Evol Ecol Res 2: 207-230 (2000)     Full PDF if your library subscribes.

Optimal digestion strategies in seabirds: A modelling approach

Geoff M. Hilton, Graeme D. Ruxton, Robert W. Furness and David C. Houston

Ornithology Group, Division of Environmental & Evolutionary Biology, Graham Kerr Building, University of Glasgow, Glasgow G12 8QQ, UK

Author to whom all correspondence should be addressed.
e-mail: g.ruxton@bio.gla.ac.uk


It has been shown that there can be marked differences between seabird species in gut retention times and digestive efficiencies, even when eating the same amounts of the same foods. We use mathematical modelling to explore the relationship between optimal avian digestion strategy and various ecological factors. The key factor determining the performance of a given digestive strategy is an ‘ingestion bottleneck’, which forces individuals to reduce their ingestion rate once their gut is full of digesta. The severity of the bottleneck is related to the retention time of digesta, with the result that an individual’s optimal time and energy management differs according to digestive physiology. The model predicts that rapid (and thus inefficient) digestion is likely to be favoured when the energy cost of commuting between feeding and nesting sites is large, whereas slow (but efficient) digestion is preferable when these costs are small.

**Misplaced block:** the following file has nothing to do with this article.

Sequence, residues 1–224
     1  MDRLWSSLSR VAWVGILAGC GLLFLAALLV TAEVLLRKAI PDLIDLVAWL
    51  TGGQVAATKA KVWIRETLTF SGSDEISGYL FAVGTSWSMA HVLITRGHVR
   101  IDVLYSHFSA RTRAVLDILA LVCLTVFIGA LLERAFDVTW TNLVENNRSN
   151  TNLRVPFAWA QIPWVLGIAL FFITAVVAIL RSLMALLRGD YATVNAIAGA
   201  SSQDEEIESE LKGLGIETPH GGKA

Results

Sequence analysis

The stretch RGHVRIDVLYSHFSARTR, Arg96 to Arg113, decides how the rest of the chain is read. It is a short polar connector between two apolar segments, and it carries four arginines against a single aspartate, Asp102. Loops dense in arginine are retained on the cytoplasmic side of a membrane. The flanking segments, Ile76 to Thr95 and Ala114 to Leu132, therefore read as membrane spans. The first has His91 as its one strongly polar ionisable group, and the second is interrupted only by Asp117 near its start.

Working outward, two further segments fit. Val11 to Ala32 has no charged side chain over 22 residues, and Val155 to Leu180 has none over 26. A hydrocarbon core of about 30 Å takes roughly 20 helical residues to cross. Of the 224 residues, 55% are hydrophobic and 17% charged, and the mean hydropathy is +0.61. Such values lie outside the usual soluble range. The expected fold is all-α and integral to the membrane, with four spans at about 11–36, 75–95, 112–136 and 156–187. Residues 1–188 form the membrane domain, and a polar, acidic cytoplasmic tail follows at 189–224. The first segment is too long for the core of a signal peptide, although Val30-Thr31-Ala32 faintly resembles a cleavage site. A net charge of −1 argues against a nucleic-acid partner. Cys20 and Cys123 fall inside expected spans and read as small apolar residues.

Keywords: digestion strategy, digestive efficiency, modelling, retention time, seabirds.

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        © 2000 Graeme D. Ruxton. All EER articles are copyrighted by their authors. All authors endorse, permit and license Evolutionary Ecology Ltd. to grant its subscribing institutions/libraries the copying privileges specified below without additional consideration or payment to them or to Evolutionary Ecology, Ltd. These endorsements, in writing, are on file in the office of Evolutionary Ecology, Ltd. Consult authors for permission to use any portion of their work in derivative works, compilations or to distribute their work in any commercial manner.

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